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Gentle Cleansers Are Just As Effective At Killing Viruses As Harsh Soaps



A new study by experts at the University of Sheffield found that gentle cleansers are just as effective as harsh soaps at killing viruses, such as the coronavirus.

Medical services experts frequently substitute harsh soaps or alcohol-based hand sanitizers with skin-friendly cleansers to treat or prevent irritant contact dermatitis – a typical skin disease which causes red and swollen skin with a dry and damaged surface.

The prevalence and severity of the disease among healthcare professionals increased from 20% to 80% during the Covid-19 pandemic.

There is little evidence to suggest that gentle cleansing products can stop the spread of viruses like the human coronavirus, herpes simplex virus, norovirus, and influenza, despite the widespread use of these products for hand washing.

As part of the study, researchers from the Sheffield Dermatology Research (SDR) group at the University of Sheffield evaluated a variety of handwashes. These included antibacterial soap, natural soap, foam cleansers and bath wash products, with the team investigating their capacity to kill both enveloped viruses; such as influenza and human coronavirus, which have an additional layer of structural protection; contrasted with non-enveloped viruses, for example, norovirus and adenovirus.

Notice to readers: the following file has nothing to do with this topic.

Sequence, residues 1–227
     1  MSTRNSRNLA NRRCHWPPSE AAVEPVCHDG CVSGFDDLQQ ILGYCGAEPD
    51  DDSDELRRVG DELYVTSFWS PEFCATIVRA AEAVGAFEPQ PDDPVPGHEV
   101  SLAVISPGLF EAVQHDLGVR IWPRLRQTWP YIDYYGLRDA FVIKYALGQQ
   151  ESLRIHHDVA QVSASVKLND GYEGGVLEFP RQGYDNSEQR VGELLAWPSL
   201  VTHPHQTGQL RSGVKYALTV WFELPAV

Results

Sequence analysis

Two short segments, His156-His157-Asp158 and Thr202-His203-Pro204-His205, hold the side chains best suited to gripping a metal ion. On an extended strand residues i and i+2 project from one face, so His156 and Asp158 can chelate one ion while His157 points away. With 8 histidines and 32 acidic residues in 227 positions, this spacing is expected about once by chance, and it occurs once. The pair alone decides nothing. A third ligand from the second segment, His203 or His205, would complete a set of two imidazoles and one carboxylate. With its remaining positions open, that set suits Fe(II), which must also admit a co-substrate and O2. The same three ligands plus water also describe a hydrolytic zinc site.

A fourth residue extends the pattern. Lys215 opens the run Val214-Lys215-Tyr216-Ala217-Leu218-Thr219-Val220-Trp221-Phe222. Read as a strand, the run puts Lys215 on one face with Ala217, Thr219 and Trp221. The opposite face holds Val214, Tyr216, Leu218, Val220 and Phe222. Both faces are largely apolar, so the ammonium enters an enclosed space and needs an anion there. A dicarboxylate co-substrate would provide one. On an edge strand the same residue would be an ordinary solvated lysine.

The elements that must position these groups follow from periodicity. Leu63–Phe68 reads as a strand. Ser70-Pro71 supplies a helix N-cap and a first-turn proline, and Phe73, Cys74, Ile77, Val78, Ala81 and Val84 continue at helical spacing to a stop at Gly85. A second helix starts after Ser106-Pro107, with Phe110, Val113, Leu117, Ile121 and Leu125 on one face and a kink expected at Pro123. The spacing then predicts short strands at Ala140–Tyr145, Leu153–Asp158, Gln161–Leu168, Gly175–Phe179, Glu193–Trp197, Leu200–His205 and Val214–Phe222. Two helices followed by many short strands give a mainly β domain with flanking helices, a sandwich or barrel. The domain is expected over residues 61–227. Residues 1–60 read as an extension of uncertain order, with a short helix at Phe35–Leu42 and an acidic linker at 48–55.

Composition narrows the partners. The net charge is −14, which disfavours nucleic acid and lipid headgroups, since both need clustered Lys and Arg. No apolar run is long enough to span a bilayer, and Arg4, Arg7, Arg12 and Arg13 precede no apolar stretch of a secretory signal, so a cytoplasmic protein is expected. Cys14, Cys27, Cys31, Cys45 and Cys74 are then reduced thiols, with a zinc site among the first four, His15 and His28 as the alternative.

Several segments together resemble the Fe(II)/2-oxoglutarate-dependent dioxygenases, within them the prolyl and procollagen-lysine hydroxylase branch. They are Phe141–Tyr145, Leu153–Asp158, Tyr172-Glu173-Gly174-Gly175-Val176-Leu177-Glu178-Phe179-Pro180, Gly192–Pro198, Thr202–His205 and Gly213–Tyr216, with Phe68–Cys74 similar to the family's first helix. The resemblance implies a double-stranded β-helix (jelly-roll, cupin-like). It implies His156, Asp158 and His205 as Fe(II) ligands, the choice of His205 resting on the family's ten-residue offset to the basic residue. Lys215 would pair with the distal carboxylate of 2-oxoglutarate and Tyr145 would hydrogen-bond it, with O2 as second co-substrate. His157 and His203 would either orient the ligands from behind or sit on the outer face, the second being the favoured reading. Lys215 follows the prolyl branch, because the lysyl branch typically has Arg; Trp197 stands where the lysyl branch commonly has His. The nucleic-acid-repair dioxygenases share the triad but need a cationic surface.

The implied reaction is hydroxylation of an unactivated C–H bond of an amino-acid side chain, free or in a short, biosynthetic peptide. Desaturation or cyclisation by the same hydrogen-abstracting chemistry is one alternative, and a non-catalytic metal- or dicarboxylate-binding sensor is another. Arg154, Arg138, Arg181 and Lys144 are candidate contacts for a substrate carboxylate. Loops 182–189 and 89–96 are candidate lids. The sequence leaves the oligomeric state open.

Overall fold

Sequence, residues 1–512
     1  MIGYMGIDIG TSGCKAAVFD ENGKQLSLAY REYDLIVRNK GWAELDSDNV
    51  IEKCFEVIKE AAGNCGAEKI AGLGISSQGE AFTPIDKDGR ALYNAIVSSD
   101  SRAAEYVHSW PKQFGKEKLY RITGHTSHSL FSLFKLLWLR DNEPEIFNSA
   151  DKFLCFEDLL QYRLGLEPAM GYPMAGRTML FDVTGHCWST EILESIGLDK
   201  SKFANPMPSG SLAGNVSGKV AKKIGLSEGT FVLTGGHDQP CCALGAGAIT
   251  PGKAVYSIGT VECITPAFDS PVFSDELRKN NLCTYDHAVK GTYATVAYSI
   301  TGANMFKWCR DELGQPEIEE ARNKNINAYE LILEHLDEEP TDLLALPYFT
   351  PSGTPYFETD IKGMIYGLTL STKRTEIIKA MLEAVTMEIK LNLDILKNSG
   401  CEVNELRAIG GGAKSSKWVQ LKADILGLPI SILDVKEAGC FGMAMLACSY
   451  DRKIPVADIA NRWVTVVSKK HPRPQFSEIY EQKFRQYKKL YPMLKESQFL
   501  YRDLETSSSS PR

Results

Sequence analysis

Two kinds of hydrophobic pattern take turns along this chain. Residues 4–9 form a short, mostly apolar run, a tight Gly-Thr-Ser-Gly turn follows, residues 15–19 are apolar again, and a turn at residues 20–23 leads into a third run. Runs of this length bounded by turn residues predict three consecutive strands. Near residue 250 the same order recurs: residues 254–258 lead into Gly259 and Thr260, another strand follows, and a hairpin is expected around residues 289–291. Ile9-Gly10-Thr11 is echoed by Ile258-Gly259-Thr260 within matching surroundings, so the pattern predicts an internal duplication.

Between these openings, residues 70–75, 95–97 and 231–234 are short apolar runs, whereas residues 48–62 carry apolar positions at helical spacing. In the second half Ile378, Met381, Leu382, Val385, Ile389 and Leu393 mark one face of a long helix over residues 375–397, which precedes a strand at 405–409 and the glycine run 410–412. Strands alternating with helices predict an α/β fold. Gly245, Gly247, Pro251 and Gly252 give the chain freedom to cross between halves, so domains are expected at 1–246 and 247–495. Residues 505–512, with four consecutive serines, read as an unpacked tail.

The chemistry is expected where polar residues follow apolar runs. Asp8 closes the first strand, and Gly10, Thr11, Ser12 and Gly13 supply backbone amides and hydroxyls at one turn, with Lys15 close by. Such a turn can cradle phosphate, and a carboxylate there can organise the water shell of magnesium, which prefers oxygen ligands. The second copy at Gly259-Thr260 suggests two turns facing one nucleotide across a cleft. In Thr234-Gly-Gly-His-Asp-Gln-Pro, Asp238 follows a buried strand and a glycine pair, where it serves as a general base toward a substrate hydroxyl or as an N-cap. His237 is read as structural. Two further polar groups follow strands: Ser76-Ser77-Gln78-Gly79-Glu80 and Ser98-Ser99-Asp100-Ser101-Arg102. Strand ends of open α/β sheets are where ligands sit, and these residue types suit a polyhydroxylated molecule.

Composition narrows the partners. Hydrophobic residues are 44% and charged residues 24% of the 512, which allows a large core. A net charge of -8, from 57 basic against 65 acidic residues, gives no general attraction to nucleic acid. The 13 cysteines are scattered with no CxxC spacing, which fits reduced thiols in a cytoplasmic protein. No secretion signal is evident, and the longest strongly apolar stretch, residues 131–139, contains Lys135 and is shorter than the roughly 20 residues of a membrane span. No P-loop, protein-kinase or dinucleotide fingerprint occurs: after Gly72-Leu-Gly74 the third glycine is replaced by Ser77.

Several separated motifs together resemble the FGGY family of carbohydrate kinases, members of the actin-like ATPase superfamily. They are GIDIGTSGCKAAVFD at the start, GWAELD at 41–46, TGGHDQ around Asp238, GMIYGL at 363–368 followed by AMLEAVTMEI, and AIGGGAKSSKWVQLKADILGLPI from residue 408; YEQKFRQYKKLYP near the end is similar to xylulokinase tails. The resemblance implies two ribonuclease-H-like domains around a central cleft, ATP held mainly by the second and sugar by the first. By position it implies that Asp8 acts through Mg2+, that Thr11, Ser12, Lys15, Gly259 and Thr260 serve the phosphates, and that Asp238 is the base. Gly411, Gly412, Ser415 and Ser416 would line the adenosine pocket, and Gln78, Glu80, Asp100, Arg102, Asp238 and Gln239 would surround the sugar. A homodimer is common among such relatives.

The findings, which were published in the journal Frontiers Virology, show that while gentle cleansers were able to kill viruses with an envelope, non-enveloped viruses were resistant to skin-friendly cleansers and harsh soaps.

Lead author of the study, Dr. Munitta Muthana from the University of Sheffield’s Department of Oncology and Metabolism, said: “Washing our hands with soap and warm water for 20 seconds was a fundamental message advocated in the UK to help stop the spread of Covid-19. But for healthcare professionals, who can wash their hands as many as 100 times during a 12 hour shift, this may cause unintended adverse effects.

“Not only does irritant contact dermatitis cause the skin to become inflamed, blister and crack, which increases transmission of bacteria and viruses, it can also lead to less compliance with personal protective equipment (PPE) and inadequate hand washing for fear of making symptoms worse. The disease can also significantly impact workplace productivity.

“For the first time, our study has shown substituting harsh soaps with milder wash products such as gentle cleansers is effective in fighting against enveloped viruses, including human coronavirus, which is very encouraging – especially for those in jobs in which irritant contact dermatitis is an occupational hazard. We also found that using additional agents such as moisturisers to help protect the skin didn’t prevent the products’ antiviral activity, which means we don’t have to use very harsh products on our skin in order to kill viruses. “

Importantly, the study also found that non-enveloped viruses were more resistant to all of the hand washing products tested, including milder solutions and harsh chemicals. The most resilient virus was the norovirus, also known as the winter vomiting bug.

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